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SAM-N-2 Lark

Template:Infobox Weapon

The Lark project was a high-priority, solid-fuel boosted, liquid-fueled rocket surface-to-air missile developed by the United States Navy to meet the kamikaze threat.[1] After Lark configuration was established by the Bureau of Aeronautics in January 1945 Fairchild Aircraft was given a contract to produce 100 missiles in March 1945. Fairchild used radio command guidance with a semi-active radar homing AN/DPN-7. A backup contract for another 100 missiles was given to Convair in June 1945. Convair used beam riding guidance with AN/APN-23 active radar homing.[2] Neither version was successful. Six of the Convair airframes were given to Raytheon to explore use of velocity-gated continuous wave doppler radar for guided missile target seekers, while most other United States investigators used range-gated pulse radar. One of these Raytheon guidance systems in a Convair airframe scored the first successful United States surface-to-air missile interception of a flying target in January 1950.[1]

Early guided missile development

The Lark never proceeded past the prototype stage. Further Lark development was halted by the Bureau of Ordnance in late 1950 in favor of the RIM-2 Terrier being developed by Operation Bumblebee. A subsonic missile was of doubtful use against anticipated supersonic targets; but three successful Lark interceptions by the Raytheon guidance system[1] generated interest within the Army and Air Force. Modified Larks were used for guidance system development testing by all three services through the early 1950s.[2] The Bureau of Aeronautics Sparrow program began in 1950 using the Lark target seeker in air-to-air missiles.[1] The Army used Lark components investigating guidance options for the MGM-18 Lacrosse surface-to-surface missile. Changing roles during a period of changing nomenclature created a confusing number of designations for Lark. Fairchild production was identified as KAQ, SAM-N-2, and CTV-N-9. Convair production was identified as KAY, SAM-N-4, and CTV-N-10. Army test versions were designated RV-A-22.[2]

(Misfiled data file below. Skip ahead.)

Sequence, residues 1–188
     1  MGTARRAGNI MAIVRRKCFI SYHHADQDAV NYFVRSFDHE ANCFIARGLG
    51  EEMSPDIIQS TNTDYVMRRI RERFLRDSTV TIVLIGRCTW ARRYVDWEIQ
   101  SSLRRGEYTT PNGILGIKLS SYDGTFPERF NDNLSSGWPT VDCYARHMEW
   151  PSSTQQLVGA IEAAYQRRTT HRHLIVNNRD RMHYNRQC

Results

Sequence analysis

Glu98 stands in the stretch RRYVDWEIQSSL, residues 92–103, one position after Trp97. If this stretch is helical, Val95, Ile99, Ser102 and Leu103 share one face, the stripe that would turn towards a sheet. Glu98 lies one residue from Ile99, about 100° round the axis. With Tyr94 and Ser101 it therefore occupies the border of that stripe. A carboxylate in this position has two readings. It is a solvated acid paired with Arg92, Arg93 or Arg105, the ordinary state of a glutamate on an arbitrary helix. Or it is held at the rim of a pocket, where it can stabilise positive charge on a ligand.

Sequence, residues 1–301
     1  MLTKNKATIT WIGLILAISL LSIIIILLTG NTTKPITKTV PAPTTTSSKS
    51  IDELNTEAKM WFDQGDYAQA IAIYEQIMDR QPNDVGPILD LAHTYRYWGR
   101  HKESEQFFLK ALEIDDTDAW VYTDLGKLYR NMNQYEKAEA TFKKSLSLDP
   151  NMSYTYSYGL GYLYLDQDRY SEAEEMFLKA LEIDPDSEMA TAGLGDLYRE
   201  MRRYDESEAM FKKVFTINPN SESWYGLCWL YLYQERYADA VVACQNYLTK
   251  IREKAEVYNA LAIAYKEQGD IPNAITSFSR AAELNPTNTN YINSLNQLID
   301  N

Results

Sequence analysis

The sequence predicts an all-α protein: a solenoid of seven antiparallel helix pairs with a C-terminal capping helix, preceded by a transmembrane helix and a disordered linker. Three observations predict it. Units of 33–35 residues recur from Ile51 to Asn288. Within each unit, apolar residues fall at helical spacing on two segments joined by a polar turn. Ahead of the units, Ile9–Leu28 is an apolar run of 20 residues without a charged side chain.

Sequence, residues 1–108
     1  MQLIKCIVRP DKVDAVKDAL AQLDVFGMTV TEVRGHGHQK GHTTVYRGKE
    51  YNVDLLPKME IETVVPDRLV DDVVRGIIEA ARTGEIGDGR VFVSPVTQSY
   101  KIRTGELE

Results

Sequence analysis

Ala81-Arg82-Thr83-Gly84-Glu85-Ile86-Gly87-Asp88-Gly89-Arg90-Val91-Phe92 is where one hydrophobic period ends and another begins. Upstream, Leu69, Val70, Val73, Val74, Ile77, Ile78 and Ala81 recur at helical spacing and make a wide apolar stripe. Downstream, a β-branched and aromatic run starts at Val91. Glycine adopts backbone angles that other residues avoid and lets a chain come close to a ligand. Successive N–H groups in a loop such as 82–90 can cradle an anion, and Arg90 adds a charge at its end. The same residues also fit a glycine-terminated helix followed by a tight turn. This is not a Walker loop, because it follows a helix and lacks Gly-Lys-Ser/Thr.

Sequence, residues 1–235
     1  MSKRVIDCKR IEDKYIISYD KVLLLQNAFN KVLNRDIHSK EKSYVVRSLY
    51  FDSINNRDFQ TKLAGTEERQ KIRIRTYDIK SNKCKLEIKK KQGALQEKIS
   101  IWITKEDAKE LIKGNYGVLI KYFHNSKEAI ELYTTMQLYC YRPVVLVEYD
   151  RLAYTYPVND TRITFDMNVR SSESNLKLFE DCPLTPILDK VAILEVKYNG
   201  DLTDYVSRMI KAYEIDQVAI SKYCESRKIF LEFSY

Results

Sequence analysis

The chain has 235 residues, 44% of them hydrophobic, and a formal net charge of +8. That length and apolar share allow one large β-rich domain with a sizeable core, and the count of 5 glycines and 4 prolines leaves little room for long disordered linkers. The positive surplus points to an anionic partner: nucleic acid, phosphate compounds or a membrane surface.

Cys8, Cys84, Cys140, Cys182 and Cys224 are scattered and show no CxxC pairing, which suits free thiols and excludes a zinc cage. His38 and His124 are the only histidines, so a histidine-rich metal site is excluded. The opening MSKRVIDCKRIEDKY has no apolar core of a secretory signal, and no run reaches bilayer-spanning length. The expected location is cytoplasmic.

References

  1. ^ a b c d Peck, Merton J. & Scherer, Frederic M. The Weapons Acquisition Process: An Economic Analysis (1962) Harvard Business School pp.232-233&659
  2. ^ a b c "SAM-N-2/SAM-N-4". Andreas Parsch. Retrieved 2013-04-17.